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"The Last Round-Up" (Gene Autry, 1933)

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Uploaded on Jan 14, 2009

One of Gene's finest early recordings, of Billy Hill's classic:

THE LAST ROUND-UP

I'm headin' for the last round-up
gonna saddle old Paint for the last time and ride
So long old pal
it's time your tears were dried
I'm headin' for the last round-up...

Git along
little dogies
git a long
git along
git along
little dogies
git along.
Git along
little dogies
git along
git along
git along
little dogies
git along!

I'm headin' for the last round-up
To the far away ranch of the Boss in the sky.
Where the strays are counted and branded
there goes I
I'm headin' for the last round-up.

I'm headin' for the last rouup
gonna saddle old Paint for the last time and ride
So long old pal
it's time your tears were dried
I'm headin' for the last round-up

Git along
little dogies
git a long
git along
git along
little dogies
git along.
Git along
little dogies
git along
git along
git along
little dogies
git along!

I'm headin' for the last round-up
To the far away ranch of the Boss in the sky.
Where the strays are counted and branded
there goes I
I'm headin' for the last round-up.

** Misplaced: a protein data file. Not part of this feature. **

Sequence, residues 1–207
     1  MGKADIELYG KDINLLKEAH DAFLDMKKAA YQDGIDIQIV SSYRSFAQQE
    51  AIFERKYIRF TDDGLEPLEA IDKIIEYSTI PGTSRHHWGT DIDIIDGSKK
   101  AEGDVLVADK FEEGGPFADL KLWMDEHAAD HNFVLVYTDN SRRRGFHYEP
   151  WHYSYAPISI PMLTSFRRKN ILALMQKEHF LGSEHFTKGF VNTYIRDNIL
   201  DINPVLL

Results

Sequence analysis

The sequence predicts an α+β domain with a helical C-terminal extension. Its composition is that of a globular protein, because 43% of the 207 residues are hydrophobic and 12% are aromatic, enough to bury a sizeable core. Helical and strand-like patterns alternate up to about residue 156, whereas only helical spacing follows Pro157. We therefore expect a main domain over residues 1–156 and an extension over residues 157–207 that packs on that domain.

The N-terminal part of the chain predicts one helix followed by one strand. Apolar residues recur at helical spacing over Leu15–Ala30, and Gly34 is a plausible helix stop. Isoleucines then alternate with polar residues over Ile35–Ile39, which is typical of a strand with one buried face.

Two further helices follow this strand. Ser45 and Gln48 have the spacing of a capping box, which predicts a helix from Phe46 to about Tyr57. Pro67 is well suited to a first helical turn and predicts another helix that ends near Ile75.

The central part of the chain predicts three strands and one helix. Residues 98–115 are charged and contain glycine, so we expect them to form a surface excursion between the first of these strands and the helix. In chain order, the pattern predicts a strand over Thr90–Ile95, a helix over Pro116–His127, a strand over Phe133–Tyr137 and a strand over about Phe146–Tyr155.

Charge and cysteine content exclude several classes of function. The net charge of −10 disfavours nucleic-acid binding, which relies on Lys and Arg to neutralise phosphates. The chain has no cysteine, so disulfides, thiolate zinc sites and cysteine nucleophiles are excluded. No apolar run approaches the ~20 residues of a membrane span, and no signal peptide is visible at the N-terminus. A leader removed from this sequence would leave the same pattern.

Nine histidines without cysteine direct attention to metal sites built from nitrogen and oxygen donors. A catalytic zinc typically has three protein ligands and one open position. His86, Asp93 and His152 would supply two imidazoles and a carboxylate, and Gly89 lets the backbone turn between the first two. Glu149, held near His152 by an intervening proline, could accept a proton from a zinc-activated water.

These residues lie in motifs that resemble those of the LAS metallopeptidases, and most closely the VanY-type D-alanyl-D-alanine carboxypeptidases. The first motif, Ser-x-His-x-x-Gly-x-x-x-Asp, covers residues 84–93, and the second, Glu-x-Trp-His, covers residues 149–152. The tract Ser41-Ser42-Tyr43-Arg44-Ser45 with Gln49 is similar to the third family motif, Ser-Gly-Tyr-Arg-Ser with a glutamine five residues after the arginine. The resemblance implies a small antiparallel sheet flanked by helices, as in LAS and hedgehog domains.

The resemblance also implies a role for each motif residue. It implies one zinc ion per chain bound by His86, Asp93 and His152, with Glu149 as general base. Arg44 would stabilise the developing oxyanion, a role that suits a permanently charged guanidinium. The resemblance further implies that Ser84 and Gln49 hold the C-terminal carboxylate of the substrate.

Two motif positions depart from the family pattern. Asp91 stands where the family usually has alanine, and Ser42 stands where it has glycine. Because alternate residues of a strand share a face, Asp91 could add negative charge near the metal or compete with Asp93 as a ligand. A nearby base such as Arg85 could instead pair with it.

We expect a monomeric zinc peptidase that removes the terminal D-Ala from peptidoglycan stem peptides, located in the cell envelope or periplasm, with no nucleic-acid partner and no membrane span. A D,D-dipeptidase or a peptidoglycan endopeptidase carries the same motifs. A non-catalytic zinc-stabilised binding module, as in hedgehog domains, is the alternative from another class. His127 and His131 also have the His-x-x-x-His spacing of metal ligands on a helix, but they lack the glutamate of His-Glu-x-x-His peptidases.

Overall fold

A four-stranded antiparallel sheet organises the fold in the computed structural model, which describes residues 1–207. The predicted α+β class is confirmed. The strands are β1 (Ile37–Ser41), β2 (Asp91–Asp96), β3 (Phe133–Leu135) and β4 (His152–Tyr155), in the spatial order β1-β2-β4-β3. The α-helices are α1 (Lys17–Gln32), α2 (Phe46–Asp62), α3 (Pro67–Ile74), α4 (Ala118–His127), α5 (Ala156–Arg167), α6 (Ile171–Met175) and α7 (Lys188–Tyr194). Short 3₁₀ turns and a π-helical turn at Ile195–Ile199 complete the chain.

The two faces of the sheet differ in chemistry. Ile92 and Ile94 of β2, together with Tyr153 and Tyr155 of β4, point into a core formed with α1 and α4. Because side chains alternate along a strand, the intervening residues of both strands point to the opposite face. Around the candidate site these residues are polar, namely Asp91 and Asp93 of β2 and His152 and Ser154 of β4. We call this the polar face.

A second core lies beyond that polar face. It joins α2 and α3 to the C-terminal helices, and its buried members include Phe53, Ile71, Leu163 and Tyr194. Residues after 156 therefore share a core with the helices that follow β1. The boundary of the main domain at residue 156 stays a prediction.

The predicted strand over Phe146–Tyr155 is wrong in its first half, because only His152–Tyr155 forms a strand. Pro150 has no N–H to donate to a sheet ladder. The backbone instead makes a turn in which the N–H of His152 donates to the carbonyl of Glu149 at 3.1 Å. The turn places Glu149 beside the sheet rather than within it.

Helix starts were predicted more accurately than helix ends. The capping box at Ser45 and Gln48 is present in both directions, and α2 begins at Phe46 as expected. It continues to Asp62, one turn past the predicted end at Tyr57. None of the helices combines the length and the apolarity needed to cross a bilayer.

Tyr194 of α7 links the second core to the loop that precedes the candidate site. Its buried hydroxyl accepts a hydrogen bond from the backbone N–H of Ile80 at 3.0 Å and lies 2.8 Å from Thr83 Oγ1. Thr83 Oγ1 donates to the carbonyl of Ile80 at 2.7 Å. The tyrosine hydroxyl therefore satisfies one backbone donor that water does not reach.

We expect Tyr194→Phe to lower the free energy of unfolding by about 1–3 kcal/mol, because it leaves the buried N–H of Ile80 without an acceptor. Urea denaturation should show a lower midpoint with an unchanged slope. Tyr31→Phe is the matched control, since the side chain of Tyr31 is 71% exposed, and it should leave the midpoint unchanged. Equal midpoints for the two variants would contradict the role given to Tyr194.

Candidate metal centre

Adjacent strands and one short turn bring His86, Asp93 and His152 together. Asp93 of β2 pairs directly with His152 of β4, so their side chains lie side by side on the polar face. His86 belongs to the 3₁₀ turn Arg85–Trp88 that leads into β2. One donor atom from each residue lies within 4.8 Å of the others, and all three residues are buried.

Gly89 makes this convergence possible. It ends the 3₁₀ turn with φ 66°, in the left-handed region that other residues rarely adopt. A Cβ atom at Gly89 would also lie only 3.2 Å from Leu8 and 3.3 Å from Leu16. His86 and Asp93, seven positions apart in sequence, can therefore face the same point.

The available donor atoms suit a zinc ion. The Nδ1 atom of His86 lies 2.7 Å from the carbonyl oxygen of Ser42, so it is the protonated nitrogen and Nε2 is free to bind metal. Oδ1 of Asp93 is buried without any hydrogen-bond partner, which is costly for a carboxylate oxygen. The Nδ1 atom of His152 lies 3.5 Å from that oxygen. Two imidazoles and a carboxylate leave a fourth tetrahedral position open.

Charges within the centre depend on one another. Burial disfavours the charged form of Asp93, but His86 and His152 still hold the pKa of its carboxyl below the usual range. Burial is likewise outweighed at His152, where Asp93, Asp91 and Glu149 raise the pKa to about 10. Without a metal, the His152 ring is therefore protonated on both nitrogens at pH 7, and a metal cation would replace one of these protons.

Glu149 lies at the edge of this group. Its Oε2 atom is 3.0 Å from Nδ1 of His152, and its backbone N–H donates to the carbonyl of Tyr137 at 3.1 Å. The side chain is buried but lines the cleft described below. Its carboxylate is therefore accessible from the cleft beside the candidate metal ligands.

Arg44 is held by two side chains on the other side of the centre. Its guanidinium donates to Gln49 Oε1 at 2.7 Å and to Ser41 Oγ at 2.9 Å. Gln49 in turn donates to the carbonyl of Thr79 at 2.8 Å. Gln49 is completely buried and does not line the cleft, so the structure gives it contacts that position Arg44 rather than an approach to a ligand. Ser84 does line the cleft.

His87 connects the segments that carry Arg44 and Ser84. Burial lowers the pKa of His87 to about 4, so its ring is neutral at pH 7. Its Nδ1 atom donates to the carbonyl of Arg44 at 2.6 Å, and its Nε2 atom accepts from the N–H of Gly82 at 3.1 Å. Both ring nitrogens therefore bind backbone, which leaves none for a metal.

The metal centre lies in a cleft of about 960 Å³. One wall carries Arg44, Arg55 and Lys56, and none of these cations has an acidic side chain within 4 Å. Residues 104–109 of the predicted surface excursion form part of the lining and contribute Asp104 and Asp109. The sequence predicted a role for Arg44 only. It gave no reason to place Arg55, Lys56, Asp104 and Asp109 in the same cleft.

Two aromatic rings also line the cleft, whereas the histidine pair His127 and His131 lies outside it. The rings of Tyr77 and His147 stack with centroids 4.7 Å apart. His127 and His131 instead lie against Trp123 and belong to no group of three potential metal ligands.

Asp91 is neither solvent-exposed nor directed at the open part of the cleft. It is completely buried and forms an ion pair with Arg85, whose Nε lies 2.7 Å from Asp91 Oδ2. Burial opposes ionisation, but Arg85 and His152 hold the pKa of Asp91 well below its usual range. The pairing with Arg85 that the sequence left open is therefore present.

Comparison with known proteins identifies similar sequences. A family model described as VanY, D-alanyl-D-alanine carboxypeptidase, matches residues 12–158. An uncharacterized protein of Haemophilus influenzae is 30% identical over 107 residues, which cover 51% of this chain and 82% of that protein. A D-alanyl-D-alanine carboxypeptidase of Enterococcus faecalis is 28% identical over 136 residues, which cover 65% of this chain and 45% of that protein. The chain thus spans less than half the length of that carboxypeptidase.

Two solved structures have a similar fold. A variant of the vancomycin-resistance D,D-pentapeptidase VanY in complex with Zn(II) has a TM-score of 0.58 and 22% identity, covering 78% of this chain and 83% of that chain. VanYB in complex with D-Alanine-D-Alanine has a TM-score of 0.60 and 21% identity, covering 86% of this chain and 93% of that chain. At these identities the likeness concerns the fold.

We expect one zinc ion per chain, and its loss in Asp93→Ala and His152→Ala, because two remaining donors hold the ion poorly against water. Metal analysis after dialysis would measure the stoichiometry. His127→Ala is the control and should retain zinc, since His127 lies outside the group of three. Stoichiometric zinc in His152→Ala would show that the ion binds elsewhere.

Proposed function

~~~~~~~~~~~~~~~~~~~~~~~~~~

...Billy Hill was so desperate for money, he almost sold his best known song, The Last Round-Up, for just $25. Fortunately ASCAP President Gene Buck thought the song was so good, he loaned him $200 to hold him over until he could find a major publisher and get his song recorded. Hill immediately joined ASCAP. A few years later he testified before a Congressional Hearing Committee in Washington in support of ASCAP. He gave a very emotional testimony how he had survived as a songwriter thanks to the money given to him by Gene Buck.

The Last Round-Up was published by Shapiro & Bernstein in 1933. It became Hills biggest hit and was first recorded by George Olsen and His orchestra, with a vocal by Joe Morrison. The song immediately shot up to No. 1 and stayed there for 9 weeks. Other hit recordings were made by Gene Autry, Bing Crosby, and Guy Lombardo. It was later recorded by The Sons of the Pioneers in 1947, and by Rex Allen, who also had a hit with it in 1955.

In an interview, Lee Hill Taylor told me how this famous western song was written by her father. It seems that while he was working on a ranch in Montana, he asked one of the cowboys why they continued to ride in a round-up when they got older. The cowboy told him there was a time when they had to stop and that would be their last round-up. Right after their brief conversation this cowboy was riding his horse and was accidentally knocked off and trampled to death. Hill never forgot that terrible accident and used it as the basis for his melancholy song.

http://www.americanmusicpreservation....

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